One of the worst-kept secrets at this year’s Fantastic Fest was the identity of Secret Screening #1. A website mix-up revealed images from the film weeks before the festival, and even though they were quickly removed the damage had already been done. Word spread across the interwebs that festival-goers should expect a surprise from Japan this year. More specifically we knew that the director of The Machine Girl was returning with a new mechanized heroine, and that this time she’ll be packing more firepower than just an arm cannon. There will be swords and shurikens launching from between ass cheeks, breasts will be transformed into machine guns, and a building will transform into a gigantic robot of mega destruction… and the movie that gives all of that to us will be called Robogeisha!
Two sisters are leading opposite lives. One is in training to become a geisha and is privy to all that the lifestyle expects. The other is expected to stay in the shadows and clean up behind her. The elder sister is being courted by a wealthy steel baron, but when he meets the younger sibling (Yoshie) his attention shifts. The sisters enter into a competition for the young man’s affection, and soon the two are undergoing mechanical engineering to enhance their abilities in an escalating ass arms race to see who he’ll choose. That this continues even after the man kidnaps the pair and begins to train them to be assassins is just one more layer of ridiculousness in a movie brimming with the nutty and the zany. Yoshie begins to learn the truth behind their assignments and soon the sisters find themselves heading towards a final confrontation. Asses will be pierced and buildings will bleed…
Fans of director Noboru Iguchi’s precious films, especially The Machine Girl, should find several things to enjoy here. Young women run around wearing outfits designed strictly to be fetishized. Bloody attacks and dismemberments. Metal objects going in and/or out of asses. Over the top violence that shows a complete disregard for human biology. Normally that in itself would be a problem, but with Yoshihiro Nishimura returning to provide the utterly ridiculous and deliriously entertaining special effects at a blistering pace you don’t have time to stop and complain about anything. Bodies explode, limbs are lopped off, geisha torsos detach and fly, and Yoshie even transforms into a mini-tank to traverse a busy freeway at high speeds. We’re also graced with a duo known as the Tengu Twins. They’re two masked women who serve the side of evil by fighting the bad fight with masterful swordplay (gripped both in their hands and in their asses).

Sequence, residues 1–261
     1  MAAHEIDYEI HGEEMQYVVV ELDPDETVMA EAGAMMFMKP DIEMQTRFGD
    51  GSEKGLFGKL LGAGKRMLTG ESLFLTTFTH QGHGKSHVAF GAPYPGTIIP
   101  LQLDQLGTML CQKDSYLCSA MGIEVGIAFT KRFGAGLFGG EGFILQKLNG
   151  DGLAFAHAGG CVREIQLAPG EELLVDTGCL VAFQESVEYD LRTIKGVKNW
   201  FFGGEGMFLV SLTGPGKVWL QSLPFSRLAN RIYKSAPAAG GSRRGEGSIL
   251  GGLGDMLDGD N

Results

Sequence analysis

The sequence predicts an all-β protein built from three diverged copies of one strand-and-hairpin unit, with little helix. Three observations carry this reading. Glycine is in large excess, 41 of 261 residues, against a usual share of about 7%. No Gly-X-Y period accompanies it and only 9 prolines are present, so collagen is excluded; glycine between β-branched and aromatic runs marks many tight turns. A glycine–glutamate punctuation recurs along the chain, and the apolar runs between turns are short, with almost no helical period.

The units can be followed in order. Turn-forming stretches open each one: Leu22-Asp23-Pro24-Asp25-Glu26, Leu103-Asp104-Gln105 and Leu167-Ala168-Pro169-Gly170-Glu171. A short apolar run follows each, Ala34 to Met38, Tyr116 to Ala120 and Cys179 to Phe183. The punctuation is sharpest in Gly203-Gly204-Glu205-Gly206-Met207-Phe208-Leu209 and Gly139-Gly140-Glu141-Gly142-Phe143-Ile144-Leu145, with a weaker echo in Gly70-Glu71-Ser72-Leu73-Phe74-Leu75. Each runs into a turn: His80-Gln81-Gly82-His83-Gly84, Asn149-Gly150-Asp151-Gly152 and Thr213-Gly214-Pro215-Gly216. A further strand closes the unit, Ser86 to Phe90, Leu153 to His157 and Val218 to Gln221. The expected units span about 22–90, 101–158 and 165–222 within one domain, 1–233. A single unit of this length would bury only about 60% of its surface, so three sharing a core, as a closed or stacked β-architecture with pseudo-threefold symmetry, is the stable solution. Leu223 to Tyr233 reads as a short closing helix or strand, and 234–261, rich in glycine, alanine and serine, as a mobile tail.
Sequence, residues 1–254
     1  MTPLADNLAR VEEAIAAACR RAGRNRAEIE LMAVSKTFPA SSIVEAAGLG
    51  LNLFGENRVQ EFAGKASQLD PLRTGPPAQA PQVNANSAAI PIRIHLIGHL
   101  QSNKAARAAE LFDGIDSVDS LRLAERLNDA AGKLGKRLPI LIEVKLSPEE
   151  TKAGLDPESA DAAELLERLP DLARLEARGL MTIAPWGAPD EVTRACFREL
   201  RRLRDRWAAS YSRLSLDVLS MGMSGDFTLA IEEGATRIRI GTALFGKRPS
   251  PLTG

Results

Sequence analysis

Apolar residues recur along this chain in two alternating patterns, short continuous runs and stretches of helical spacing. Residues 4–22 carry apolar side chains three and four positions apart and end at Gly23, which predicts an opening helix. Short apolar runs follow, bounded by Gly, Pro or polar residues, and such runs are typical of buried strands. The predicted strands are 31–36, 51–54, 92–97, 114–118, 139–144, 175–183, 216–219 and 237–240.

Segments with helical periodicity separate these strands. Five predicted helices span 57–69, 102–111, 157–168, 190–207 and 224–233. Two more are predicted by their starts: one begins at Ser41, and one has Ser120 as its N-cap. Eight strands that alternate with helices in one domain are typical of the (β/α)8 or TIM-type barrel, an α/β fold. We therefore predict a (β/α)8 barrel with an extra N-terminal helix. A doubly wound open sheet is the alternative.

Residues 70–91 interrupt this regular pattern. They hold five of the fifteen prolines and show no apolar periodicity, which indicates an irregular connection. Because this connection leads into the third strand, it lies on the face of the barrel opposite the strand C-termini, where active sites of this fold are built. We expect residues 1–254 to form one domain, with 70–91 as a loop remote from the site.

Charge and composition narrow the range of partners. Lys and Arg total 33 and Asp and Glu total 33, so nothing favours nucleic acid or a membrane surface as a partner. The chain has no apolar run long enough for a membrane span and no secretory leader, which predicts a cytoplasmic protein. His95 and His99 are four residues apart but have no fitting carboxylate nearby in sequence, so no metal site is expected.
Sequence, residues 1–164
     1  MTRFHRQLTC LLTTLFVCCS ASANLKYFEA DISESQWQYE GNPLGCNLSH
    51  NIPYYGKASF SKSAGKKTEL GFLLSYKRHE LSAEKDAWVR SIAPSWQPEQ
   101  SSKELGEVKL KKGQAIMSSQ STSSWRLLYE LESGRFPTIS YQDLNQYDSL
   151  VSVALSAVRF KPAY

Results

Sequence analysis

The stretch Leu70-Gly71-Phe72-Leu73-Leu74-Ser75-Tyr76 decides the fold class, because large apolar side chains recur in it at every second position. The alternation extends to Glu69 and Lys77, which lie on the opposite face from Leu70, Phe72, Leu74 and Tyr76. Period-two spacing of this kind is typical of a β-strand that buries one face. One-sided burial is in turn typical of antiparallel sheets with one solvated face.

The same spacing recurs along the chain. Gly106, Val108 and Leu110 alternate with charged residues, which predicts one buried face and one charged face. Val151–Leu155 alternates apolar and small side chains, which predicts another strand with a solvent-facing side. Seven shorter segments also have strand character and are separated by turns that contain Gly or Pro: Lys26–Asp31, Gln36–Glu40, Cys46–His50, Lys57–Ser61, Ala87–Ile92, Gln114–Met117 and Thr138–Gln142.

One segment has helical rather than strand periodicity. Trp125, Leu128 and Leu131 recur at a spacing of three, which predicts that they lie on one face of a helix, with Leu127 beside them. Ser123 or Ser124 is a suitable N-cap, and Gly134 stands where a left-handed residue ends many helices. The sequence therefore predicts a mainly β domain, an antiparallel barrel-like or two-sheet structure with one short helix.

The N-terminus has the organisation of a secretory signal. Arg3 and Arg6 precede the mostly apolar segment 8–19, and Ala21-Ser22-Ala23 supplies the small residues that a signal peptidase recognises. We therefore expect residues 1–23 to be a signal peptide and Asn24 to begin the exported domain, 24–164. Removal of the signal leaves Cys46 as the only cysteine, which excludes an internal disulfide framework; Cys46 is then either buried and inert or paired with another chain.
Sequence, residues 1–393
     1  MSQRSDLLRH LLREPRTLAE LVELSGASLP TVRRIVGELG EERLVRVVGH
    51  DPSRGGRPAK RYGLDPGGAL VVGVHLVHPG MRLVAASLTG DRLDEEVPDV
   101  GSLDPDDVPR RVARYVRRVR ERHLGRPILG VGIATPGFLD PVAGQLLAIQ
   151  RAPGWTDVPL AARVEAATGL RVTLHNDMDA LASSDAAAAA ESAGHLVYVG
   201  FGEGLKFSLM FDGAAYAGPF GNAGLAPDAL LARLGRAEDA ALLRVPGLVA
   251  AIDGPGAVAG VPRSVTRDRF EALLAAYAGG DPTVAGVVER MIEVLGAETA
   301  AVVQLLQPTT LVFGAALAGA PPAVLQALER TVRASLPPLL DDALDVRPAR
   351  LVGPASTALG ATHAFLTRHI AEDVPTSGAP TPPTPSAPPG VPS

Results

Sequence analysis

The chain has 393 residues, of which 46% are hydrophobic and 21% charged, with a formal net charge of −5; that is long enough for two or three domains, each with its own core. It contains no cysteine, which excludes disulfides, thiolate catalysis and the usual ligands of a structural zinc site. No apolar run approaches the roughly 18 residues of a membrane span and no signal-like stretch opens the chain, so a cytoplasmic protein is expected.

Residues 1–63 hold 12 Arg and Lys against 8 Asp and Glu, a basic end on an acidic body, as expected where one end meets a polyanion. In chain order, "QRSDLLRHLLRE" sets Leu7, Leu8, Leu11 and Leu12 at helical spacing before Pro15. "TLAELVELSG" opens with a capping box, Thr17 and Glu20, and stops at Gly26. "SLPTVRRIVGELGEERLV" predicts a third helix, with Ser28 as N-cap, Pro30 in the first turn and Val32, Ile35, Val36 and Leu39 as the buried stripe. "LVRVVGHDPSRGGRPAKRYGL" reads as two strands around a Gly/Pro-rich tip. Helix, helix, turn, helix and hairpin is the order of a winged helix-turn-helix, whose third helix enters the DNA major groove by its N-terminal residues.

The two films differ only in the percentage of comedy Iguchi throws at the audience. The Machine Girl is filled with goofy visual gags and general absurdity, but it’s core story still features murder, revenge, and the necrophiliac rape of a teenage girl. It’s pretty dark stuff, relatively speaking, especially when compared to the pure comedic intent of Robogeisha. This is basically a story of two sisters fighting over the same man taken to mad extremes. The greatest dilemma our heroine faces is her existential and personal quest to answer the question “Am I robot or am I geisha?”
Iguchi knows what he likes, and what he likes is ass, blood, absurdity, and making the audience laugh. All of that and more is present in his new film, but it’s marred by an excessive use of CGI blood. It’s funny when the buildings are shattered are blood splashes and spills from the crumbling structures, but it looks terrible when people are being stabbed, shot, and decapitated and we get shiny computer generated blood drops instead of the wet stuff. Still, it’s a fun movie and worth watching for fans who know what to expect, but replay value is limited as the jokes won’t retain the minor success they find on the first viewing.
The Upside: The Tengu Twins; pretty funny at times; over the top and you never quite know what to expect
The Downside: Very heavy on the comedy side, but not enough of it is all that funny; CGI blood is never cool and it’s used here way too often; special effects in general are pretty bad
On the Side: This Fantastic Fest screening may not have been the world premiere (for contractual reasons apparently), but it was reportedly the first time the film has been screened for an audience anywhere in the world…